Last Laughs
Kote Mikaberidze’s My Grandmother (Chemi Bebia, 1929)

Kote Mikaberidze’s My Grandmother is easier to look at as an explosion of experimental energy, channeled through every available camera trick and editing technique, than as a coherent film. It’s a thrillingly odd expression of its time – the short-lived exuberance of the Soviet avant-garde before it was labeled as “formalism” and strangled to death to clear the way for Socialist Realism.

It’s impractical to catalog here all the ways in which My Grandmother startles and bemuses. To relate the plot simply – which is a disservice to the film’s zigzagging structure – a manager (played by Aleksandre Takaishvili) is fired from his comfortable job when a caricature of him appears in the youth newspaper, excoriating his notorious laziness. On the advice of his ex-colleague, the unemployed manager sets out to find himself a “grandmother” – that is, an influential bureaucratic patron. When he finally obtains a letter of recommendation from an unwilling “grandmother” (by driving an unfortunate bigwig insane until he complies), the ex-manager cockily presents his credentials to a prospective boss – only, in a climax of bravura surrealism, for the director to blink out of existence, to be replaced by a different man, who also disappears when the ex-manager tries to hand him the recommendation letter, and so on through half a dozen directors. The “final boss” is an imposing worker (Akaki Khorava) who finally reads the note. But the letter merely instructs him to throw the scoundrel ex-manager into the street. In the film’s quite alarming conclusion, the worker bellows in rage, all the office workers flee and transform into shadows plastered on the wall under the words DEATH TO RED TAPE, TO SLOPPINESS AND TO BUREAUCRATS.

My Grandmother’s plot might have seemed “safe” to Mikaberidze and his collaborators at the time: after all, it excoriates inefficiency while raising the proletariat worker to the status of an annihilating god. But, as Denise J. Youngblood has pointed out, the film was not only too formalist but also too negative for the regime: “[T]here are no healthy role models or images of what the new, truly revolutionary way of life would look like.”1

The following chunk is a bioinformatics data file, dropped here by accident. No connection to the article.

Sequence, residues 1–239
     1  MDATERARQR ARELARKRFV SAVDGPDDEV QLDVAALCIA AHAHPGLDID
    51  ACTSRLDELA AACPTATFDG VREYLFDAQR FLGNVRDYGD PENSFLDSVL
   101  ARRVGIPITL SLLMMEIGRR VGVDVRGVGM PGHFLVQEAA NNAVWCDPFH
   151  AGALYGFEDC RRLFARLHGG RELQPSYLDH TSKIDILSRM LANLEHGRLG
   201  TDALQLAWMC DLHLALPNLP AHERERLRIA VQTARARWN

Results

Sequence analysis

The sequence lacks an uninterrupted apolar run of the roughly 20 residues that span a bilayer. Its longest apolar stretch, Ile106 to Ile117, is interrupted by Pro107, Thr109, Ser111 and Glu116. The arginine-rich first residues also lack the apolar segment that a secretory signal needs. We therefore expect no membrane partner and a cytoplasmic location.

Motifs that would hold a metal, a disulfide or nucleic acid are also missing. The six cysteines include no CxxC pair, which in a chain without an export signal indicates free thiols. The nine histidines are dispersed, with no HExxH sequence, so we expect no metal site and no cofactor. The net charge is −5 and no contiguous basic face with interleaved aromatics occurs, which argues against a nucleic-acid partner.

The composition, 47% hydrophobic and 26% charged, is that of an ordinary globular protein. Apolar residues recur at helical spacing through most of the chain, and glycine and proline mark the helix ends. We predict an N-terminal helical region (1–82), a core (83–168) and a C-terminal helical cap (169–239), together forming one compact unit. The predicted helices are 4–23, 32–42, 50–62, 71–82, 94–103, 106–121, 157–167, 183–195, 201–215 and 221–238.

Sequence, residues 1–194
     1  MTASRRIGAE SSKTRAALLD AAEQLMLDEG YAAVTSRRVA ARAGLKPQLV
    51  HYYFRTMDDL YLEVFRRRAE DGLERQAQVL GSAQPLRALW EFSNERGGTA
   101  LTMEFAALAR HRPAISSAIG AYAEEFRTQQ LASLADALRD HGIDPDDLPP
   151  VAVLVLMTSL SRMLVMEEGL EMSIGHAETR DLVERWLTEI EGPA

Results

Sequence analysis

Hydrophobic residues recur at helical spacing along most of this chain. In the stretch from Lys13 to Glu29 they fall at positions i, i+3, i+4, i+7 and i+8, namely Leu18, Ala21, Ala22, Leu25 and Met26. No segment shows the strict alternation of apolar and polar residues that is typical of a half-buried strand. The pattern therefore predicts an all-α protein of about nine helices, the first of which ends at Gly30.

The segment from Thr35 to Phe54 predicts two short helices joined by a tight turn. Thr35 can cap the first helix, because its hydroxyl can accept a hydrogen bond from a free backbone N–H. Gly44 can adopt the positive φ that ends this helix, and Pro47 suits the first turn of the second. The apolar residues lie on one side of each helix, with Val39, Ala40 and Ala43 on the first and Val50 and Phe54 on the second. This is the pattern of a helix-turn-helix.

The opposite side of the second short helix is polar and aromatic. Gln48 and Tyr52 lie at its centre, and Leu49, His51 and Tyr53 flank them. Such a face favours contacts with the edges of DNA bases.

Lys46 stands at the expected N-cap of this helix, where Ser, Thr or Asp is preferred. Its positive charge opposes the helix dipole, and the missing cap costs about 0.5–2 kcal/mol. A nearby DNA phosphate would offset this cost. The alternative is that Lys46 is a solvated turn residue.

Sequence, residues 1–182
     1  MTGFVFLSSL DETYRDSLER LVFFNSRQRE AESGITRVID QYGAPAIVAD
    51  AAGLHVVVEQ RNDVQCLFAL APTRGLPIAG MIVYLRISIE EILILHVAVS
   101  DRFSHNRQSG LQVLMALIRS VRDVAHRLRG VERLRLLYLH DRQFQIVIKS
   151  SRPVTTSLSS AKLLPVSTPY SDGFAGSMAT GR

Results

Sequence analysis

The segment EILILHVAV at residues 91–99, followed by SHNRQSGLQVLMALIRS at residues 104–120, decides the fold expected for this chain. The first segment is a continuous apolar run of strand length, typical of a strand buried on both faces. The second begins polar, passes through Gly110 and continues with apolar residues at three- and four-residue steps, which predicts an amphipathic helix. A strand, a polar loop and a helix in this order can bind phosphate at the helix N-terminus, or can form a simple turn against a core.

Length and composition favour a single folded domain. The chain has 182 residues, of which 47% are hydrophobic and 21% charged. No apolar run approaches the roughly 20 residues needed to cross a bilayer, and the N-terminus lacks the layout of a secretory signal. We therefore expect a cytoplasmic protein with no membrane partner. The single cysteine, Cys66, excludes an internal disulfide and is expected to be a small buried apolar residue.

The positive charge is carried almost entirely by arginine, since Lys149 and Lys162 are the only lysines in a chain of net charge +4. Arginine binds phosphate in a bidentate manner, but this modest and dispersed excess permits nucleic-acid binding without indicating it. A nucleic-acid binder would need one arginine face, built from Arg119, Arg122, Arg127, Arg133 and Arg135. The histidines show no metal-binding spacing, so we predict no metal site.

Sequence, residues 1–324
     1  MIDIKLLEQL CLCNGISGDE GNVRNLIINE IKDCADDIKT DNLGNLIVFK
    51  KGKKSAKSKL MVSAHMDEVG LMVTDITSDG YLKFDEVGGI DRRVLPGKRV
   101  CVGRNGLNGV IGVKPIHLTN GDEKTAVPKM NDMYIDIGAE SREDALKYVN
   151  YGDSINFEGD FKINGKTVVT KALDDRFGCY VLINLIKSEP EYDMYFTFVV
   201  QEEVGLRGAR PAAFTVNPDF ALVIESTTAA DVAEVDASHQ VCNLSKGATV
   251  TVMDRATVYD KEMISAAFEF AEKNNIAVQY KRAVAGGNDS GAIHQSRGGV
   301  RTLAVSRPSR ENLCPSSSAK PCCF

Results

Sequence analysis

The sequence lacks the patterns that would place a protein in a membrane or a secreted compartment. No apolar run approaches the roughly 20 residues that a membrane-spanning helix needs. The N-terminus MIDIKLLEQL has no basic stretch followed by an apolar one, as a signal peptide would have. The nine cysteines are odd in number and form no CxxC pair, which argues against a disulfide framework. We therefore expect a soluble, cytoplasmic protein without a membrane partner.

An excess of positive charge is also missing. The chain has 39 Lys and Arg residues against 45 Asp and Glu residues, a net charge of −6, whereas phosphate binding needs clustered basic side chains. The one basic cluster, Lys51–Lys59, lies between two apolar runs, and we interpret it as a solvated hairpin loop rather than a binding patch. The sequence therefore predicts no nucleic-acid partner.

Not only that, but the very hyperbole of the film – the utter absurdity of its characters, the frequent breaks in action to introduce some new technique such as puppetry or superimposition, the lack of any clear trajectory and the deviations toward Punch-and-Judyesque comedy – undermines the existence of a coherent political message at all. Instead of tending towards a point, the film is structured around paroxysms.

Of these, the most unforgettable is the entrance of Bella Cherneva as the ex-manager’s wife into the bourgeois apartment where the unemployed man has just practiced hanging himself. Oblivious to her husband dangling from the ceiling, the man’s wife and daughter burst in laden with shopping bags from the black market, frenetically dancing the Charleston. Meanwhile, stop-motion-animated toys hoot and gesticulate on the floor in response. The dance lasts a good minute before the ex-manager, grimacing, lowers himself from the ceiling; even then, Cherneva is still flailing rhythmically. Of course, the scene parodies the stereotype of the bourgeois wife with luxurious tastes. But the sheer violent expenditure of energy, both in her movements and in the rapid cuts, is almost shocking.

Another paroxysm interrupts the plot at the end of the film. Having read the letter that will doom the ex-manager, the imposing worker breaks into laughter. The ex-manager, his wife, and all the office workers respond in kind. Cutting accelerates between close-up, laughing faces until each shot is a fraction of a second long. Suddenly, the worker’s face goes blank, a prelude to his outburst of rage that terminates the film (and, presumably, the entire firm’s staff).

These climaxes have a remarkably modern comic effect, the very excess becoming a joke on the very notion of plot structure and continuity. But, knowing the fate of the Soviet avant-garde, it’s difficult to watch the hysteria without a feeling of foreboding. Obviously, My Grandmother could in no way have anticipated the horrors of the next decade. But in its comical pursuit of the extreme, the film foams itself up into a near-apocalyptic vision. Carnage is decreed by a supreme worker who is impossible to amuse, and he is the only audience that counts.

Youngblood, Denise. “My Grandmother (Chemi Bebia) (1929)” In: The Moving Image, Vol. 10 Issue 1. The University of Minnesota Press, 2010. p. 157-159.